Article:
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Sports drink helps California inmates on hunger strike stave off starvation

Elaine Gurule holds up a sign during a protest against indefinite solitary confinement in California prisons, at the State Capitol in Sacram
Elaine Gurule holds up a sign during a protest against indefinite solitary confinement in California prisons, at the State Capitol in Sacram

By Sharon Bernstein

LOS ANGELES (Reuters) - Inmates on a hunger strike to protest California's solitary confinement policies are staving off starvation by drinking Gatorade, but medical troubles are setting in nonetheless, a spokeswoman for the office in charge of prisoner healthcare said on Friday.

Of 123 inmates who are refusing food, 15 have lost potentially dangerous amounts of weight, and most report feeling weak and cold, said Liz Gransee, a spokeswoman for the official who oversees healthcare in the 34-prison system.

"Some of them aren't handling this as well as others," Gransee said. "Some of them have had IV fluids multiple times."

The inmates are participating in the largest and longest hunger strike in recent memory in California over the state's policy of keeping prisoners in near-isolation for years on end. Many are put in solitary confinement because prison officials believe they have gang affiliations.

As of Friday, 41 prisoners have refused food continuously since the hunger strike began on July 8, according to the state. Others have stopped at times and then begun again.

The hunger strike is the latest in a string of difficulties plaguing the California corrections system, which is under court orders to reduce crowding this year. Medical care in the system is under the control of a federally appointed receiver.

A panel of federal judges has threatened to hold Governor Jerry Brown in contempt if he does not act quickly, even if that means releasing thousands of inmates early. Brown wants to spend $315 million next year to lease space in private prisons, county jails and out-of-state lockups.

Under the supervision of the medical receiver, J. Clark Kelso, hunger strikers are monitored daily and examined by prison doctors at least weekly, Gransee said.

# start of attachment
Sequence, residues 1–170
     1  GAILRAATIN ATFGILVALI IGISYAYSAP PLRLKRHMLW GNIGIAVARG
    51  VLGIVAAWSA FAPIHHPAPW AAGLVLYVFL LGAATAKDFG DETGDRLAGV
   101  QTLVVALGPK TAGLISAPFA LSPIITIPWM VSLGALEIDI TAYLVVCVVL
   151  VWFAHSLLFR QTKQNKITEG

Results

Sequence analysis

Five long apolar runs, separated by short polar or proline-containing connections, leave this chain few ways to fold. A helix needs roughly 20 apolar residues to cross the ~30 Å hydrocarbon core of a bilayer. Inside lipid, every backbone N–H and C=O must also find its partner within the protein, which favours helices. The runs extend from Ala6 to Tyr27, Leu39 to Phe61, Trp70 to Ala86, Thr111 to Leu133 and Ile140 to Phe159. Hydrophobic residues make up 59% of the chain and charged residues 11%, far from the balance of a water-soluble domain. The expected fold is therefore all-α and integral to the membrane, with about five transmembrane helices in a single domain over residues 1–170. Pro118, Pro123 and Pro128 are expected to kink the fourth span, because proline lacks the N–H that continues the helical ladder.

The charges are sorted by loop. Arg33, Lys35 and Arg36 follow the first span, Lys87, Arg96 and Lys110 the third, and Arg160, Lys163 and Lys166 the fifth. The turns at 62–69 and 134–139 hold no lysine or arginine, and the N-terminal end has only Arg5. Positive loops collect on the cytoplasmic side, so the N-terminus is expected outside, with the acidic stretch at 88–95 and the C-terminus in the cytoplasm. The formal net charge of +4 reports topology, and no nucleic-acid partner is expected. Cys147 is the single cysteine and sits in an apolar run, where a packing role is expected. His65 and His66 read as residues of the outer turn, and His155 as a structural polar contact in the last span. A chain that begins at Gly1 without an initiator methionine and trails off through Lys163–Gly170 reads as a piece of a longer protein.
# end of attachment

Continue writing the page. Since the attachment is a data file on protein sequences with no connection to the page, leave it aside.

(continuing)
Deborah Hoffman, a spokeswoman for the state, said the health and safety of inmates was a priority, and that officials were working closely with the receiver's office to make sure participants receive adequate medical care.

She blamed the strike on gang leaders who she said were coercing other prisoners to participate in the strike. The state changed some of its guidelines for keeping prisoners in isolated conditions after a hunger strike in 2011, but has not budged any further in response to the current action.

VITAMINS AND GATORADE

The California inmates on hunger strike are taking vitamins and the electrolyte-replenishing sports drink Gatorade, which provides up to 625 calories per day and has helped slow the progress of starvation-related illnesses among participants, Gransee said.

A typical 30-year-old man needs between 2400 and 2600 calories per day, depending on his size and activity level. All of the hunger strikers are men.

Gransee said none have lost consciousness or been deemed to be near death so far. Last week, officials won permission from a federal court to force-feed some gravely ill inmates, even if they had signed orders asking not to be resuscitated. So far, however, that power has not been invoked.

Elena Kret-Sudjian, medical director of clinical nutrition at the University of California, Davis, Medical Center, said the inmates could still succumb to starvation because the beverages do not contain protein.

"When the body burns fat it always also burns the muscle and it's very dangerous ," Kret-Sudjian said. "When humans lose 40 percent of muscle they will die."

The state has not released figures on how much muscle inmates have lost. Gransee said 13 inmates have lost more than 10 percent of their body weight, and two have lost more than 15 percent of body weight, putting them into a higher risk category.

People can develop long-term medical problems from fasting for as little as one week, Kret-Sudjian said. By the seventh week, starvation symptoms are likely to be advanced. Long-term conditions can include heart disease and neurological problems.

"People may feel initially very irritable, even depressed," she said. "They may have reduced body temperature, be extremely sensitive to cold, or have chronic diarrhea, decreased sex drive and other complications."

The current hunger strike marks the second time in two years that prisoners have refused food over the state's solitary confinement practices. More than 4,000 prisoners are segregated from other inmates, most of them in so-called security housing units where they live in various degrees of isolation.

This strike, however, has gone on more than twice as long as the 2011 action and attracted more prisoners - 30,000 - at its peak.

Hundreds have been treated in prison clinics, hospitals and other facilities since the hunger strike began, Gransee said. Their symptoms have included dehydration, cramping, vomiting, diarrhea, dizziness and lightheadedness.

(Editing by Cynthia Johnston and Mohamad Zargham)

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